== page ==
Sam Crouch, Main Street Player, in Becky Cotton – the debut of the new theater group.
Chris Clancy crossed over from ECT players to act in Becky Cotton.
Rumblings of the new group called Main Street Players is the sound of progress, growth and renewed energy as former members of the Edgefield County Theatre (ECT) spawn a new group, all cooperating and hoping for the upcoming 2019 season to be good for both.
As Caroline Bland explains it, the idea for Main Street Players developed during the summer of 2018, with the historic play about to be produced, Becky Cottonby Tricia Glenn, and the opportunity to once again play in the “black box” theater at the Discovery Center – it is called William Bouknight Theater. The group grew — energy and ideas first furnished by Beth Worth, Caroline Bland, Sam Crouch and Kelly Harris — and their mission developed while producing a historic play under the auspices of the Edgefield Historical Society (with playwright Tricia Glenn’s permission). Main Street seemed a natural split off from the ECT which has grown into an Edgefield County production company, more so than an Edgefield Town company. ECT has been a peripatetic company, performing from Mount Vintage to Johnston Methodist Fellowship Hall, a real “traveling” company. The Main Street group wants to keep to Edgefield as “a constant presence downtown,” says Caroline.
“In no way will the two groups not support each other and find themselves involved in the other’s performances,” Caroline noted. One might say that It sounds more like a complementary arrangement.
“It is too hard for one production company to produce more than two or three shows a year; the demands are so great on the actors’ time,” explained Caroline. This way each can produce several shows.
“When we were talking about making this happen,” says Caroline, “we wanted it to be a more relaxed and enjoyable experience for everyone. Our only home will be the William Bouknight Theater which makes it easier for us.” Main Streeters are looking forward to a new production in February, Loves of Lucy Pickens, a play reflecting Edgefield history and written by Kelly Harris who is the director. Not all their plays will be of an Edgefield historical flavor, for the group plans to produce, in the spring, Honky Tonk Angels, a musical directed by Bradley of Aiken.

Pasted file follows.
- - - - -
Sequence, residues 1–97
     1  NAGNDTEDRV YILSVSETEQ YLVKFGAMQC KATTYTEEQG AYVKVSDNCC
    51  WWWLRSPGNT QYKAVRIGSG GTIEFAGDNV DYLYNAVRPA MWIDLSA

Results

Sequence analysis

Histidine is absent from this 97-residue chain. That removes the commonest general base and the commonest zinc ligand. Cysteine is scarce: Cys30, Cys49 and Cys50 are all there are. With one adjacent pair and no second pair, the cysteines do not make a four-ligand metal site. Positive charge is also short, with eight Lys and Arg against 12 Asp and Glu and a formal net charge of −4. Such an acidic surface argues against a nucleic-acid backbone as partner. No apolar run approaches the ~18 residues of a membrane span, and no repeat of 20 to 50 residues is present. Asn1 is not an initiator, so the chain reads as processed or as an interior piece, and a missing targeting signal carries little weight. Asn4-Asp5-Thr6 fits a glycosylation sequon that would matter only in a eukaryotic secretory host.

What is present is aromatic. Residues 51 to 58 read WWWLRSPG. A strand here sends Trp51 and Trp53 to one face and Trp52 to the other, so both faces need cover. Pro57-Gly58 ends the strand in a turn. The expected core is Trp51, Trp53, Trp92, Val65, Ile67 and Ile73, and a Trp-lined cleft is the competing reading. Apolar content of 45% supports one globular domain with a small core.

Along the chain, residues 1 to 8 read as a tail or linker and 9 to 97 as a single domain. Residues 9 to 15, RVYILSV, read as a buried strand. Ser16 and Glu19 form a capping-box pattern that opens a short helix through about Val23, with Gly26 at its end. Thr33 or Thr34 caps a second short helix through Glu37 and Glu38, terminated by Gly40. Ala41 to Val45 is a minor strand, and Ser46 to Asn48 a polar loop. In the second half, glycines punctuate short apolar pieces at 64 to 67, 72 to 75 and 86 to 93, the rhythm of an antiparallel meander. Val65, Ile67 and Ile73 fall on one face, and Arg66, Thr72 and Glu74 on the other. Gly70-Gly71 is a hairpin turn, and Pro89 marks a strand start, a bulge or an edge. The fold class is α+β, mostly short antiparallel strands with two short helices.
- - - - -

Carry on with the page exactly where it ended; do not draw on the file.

In a brief interview with ECT player Rebecca Robeson — Musician, Manager of Edgefield General Store, and wife of ECDA president — she emphasized that the two theater groups would be working together when needed, that their group, in continuing, would be performing all over the County, including Edgefield, and will also do the summer Drama Camp which she, Rebecca, directs so well (according to all who participate). Heading up the ECT at present are board members Faye Speight of Pine Ridge and Linda Clancy of Johnston.
As for the group that makes the Discovery Center/Bouknight Theater their permanent home, all their proceeds go to the Edgefield Historical Society as they work under the nonprofit entity of the Society. “We get no pay, they take on the costs and the proceeds,” says Caroline. “We give them a budget, they ok it, and we use their building – the “black box” as she described.
The ECT is an ongoing nonprofit organization and they are planning a play in late February, according to Faye Speight, President of their board. Linda Clancy is also on the board and is helping to steer the members and players. They are not certain of the dates, all depending upon what is decided at a meeting this week. So, soon the citizenry will have access to their schedule, and through this newspaper it is hoped.
And Faye noted that finding a place in Edgefield to produce their plays is still on their agenda, with many venues over the County as noted above, including Pine Ridge. And, yes, according to Faye and Linda, there is crossover among actors and directors. For instance, Chris Clancy, husband of Linda, was one of the actors in the Main Street production of Becky Cotton.
ECT-sponsored Drama Camp this summer outgrew their usual place for their activities, which was the Catholic Church (St. Mary’s). They chose to hold it, instead, in the Baptist fellowship hall (EFBC) to accommodate a larger group of children. A bit of progress in that area!
“We are having a lot of fun,” says Caroline. “Edgefield has so much to offer and the theater is a complement to the downtown shopping and restaurants that people can enjoy before the plays.”
In a brief time with Sam Crouch, he spoke of being delighted to see theater played again at the Discovery Center “where we all got started; I am looking forward to keeping them (plays) going there.”